Naomi Klein is in my opinion another prophet on behalf of an economics that will work for all peoples and the planet and future generations on this planet.
In her important book, This Changes Everything: Capitalism vs The Climate, she lays out the case why an extractive capitalism—one built on taking and not giving back—is ruining the Earth and with it the future of all creatures living on it. And how it does not have to be this way, that we have the freedom to think beyond the economics of the past to a more sustainable and joyful and community-based future.
She calls us to move beyond despair and to recognize that the climate emergency (and Yes, today this includes coronavirus and other viruses that may be on the horizon caused in great part by climate change), can give us a perspective and a charged moral imagination to address societal and economic issues in a larger and more inclusive context.
Economic demands—for basic public services that work for decent housing, for land redistribution—represent nothing less than the unfinished business of the most powerful liberation movements of the past two centuries, from civil rights to feminism to Indigenous sovereignty.
She believes that a “Marshall Plan for the Earth” can create the kinds of good jobs and clean water and equitable redistribution of agricultural lands that people yearn for. She believes that “our most heroic social justice movements won on the legal front but suffered big losses on the economic front” and this is why our world is so “fundamentally unequal and unfair.” This would apply surely to the issues Black Lives Matter is raising about the price paid for racist policies and structures.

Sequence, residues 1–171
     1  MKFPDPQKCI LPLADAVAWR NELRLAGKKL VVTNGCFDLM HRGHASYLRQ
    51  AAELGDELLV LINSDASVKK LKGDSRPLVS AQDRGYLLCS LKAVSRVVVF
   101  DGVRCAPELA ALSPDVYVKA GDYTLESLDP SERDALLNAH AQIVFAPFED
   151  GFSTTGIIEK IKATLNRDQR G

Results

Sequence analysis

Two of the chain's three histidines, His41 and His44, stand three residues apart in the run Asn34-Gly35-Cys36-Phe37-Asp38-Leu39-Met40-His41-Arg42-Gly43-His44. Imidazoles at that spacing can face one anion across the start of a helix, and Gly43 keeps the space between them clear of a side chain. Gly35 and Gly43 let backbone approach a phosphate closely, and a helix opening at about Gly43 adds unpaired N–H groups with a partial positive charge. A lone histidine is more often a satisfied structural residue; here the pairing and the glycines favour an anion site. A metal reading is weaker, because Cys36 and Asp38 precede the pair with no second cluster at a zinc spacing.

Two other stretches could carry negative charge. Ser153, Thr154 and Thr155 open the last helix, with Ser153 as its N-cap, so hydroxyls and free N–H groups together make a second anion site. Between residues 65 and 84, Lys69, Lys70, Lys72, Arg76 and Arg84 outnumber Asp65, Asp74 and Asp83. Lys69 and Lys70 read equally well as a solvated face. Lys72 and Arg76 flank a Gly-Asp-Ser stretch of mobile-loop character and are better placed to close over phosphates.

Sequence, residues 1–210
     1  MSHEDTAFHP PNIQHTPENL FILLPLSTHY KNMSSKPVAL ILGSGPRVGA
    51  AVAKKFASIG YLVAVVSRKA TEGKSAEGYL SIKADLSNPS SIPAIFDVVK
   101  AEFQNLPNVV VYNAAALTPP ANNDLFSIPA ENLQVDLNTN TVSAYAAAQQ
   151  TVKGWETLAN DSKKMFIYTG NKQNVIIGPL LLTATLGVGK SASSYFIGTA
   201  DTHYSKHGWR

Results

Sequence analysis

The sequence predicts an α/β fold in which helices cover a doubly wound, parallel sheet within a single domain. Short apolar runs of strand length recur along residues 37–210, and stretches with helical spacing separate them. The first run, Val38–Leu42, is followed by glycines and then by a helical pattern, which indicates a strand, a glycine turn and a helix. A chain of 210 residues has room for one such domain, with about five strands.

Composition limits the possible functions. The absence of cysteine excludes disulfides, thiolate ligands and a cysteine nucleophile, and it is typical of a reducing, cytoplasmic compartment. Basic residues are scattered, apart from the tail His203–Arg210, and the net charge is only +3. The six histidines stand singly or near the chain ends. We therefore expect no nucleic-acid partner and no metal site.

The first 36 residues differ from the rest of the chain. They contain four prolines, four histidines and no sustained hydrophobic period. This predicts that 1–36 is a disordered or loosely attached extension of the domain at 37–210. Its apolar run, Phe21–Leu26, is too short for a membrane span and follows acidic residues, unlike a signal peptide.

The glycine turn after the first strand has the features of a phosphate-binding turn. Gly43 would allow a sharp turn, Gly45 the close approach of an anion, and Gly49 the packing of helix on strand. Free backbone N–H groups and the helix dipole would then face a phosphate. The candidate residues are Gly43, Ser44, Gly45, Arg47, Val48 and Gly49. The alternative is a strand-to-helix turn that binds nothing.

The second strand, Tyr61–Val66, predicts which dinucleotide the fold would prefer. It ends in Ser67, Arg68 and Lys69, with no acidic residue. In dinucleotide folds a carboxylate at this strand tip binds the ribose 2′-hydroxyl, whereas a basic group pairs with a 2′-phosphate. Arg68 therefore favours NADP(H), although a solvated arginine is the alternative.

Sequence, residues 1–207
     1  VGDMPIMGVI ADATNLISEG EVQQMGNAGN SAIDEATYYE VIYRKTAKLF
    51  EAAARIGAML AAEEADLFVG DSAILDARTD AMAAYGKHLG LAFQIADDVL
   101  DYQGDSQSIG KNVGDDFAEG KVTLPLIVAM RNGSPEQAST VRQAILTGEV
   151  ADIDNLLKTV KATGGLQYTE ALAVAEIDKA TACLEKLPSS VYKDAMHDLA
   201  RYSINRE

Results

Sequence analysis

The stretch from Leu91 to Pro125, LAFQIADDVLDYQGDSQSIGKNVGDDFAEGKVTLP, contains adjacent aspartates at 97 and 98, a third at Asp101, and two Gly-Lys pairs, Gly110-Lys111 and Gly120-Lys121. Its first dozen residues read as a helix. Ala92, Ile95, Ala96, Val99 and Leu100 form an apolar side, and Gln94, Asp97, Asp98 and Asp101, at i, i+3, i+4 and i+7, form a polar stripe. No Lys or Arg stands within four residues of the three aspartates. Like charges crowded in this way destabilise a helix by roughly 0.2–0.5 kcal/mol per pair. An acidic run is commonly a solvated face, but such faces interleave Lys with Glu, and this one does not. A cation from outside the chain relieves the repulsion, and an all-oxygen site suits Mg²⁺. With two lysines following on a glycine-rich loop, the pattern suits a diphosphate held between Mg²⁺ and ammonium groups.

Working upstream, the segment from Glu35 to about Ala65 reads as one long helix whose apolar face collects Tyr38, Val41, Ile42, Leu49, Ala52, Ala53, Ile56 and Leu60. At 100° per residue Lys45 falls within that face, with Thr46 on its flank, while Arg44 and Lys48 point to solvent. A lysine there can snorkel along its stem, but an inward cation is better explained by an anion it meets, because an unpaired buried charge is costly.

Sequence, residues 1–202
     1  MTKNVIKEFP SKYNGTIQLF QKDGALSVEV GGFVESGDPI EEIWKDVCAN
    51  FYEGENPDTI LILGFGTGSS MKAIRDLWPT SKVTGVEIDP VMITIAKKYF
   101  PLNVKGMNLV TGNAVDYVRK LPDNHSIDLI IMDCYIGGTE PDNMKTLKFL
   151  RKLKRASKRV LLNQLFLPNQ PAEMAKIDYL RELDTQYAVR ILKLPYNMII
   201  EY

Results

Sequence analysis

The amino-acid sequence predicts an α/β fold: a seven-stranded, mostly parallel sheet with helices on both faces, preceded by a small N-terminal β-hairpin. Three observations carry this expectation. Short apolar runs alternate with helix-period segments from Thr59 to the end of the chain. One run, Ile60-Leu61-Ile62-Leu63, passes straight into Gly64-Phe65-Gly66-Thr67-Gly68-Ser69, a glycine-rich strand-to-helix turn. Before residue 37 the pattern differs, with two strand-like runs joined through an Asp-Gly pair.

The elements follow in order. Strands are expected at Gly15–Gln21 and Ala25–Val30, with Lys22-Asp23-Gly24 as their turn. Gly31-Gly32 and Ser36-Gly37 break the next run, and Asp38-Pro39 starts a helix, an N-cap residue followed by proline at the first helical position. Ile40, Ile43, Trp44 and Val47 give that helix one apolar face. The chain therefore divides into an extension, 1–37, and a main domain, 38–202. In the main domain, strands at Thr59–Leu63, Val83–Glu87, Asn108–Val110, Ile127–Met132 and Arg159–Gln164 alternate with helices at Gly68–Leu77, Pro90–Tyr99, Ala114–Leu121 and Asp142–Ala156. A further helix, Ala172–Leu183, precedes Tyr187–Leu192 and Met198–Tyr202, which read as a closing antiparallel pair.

Because climate change imposes an “unyielding deadline” on all of humanity, it “can be the force—the grand push—that will bring together all of these still living movements.” The “unfinished business of liberation” is at stake.
Klein insists that we have “just enough time” to address climate change and despair is not an option—certainly not a solution. Rather, the real battle is that
we are afraid—with good reason—that our political class is wholly incapable of seizing those tools and implementing those plans, since doing so involves unlearning the core tenets of the stifling free-market ideology that governed every stage of their rise to power.
The crisis as she sees it is one of clinging and one of unlearning and one of needing to gear up our imaginations. These are spiritual issues, as Meister Eckhart and others who speak to subtraction over hoarding emphasize in depth. We are faced with learning to let go and to give birth and to make justice happen anew (the via negativa, creativa and transformativa). And it all begins with the Via Positiva, falling love with Earth, its health, its future, its beings and the beings of the future.
See Naomi Klein, This Changes Everything: Capitalism vs The Climate, pp. 458-460.
See Matthew Fox, Creation Spirituality: Liberating Gifts for the Peoples of the Earth.
Banner Image: “The Anti Police-Terror Project host the 6th Annual Reclaim MLK – Rally & March on 1/20/2020, after Oakland police arrived at the Moms 4 Housing site in West Oakland in armored vehicles and riot gear to arrest the moms bringing national attention to the housing crisis.” Photo by Peg Hunter, Reclaim MLK-Oakland, on Flickr.
Do you share in Klein’s optimism that the Climate Emergency can get humans off our couches and contributing to a large project of saving the Earth as we know it and bringing equity and justice alive?
Creation Spirituality: Liberating Gifts for the Peoples of the Earth
Fox’s spirituality weds the healing and liberation found in North American Creation Spirituality and in South American Liberation Theology. Creation Spirituality challenges readers of every religious and political persuasion to unite in a new vision through which we learn to honor the earth and the people who inhabit it as the gift of a good and just Creator.
“A watershed theological work that offers a common ground for religious seekers and activists of all stripes.” — Frederic and Mary Ann Brussat, Spirituality and Practice.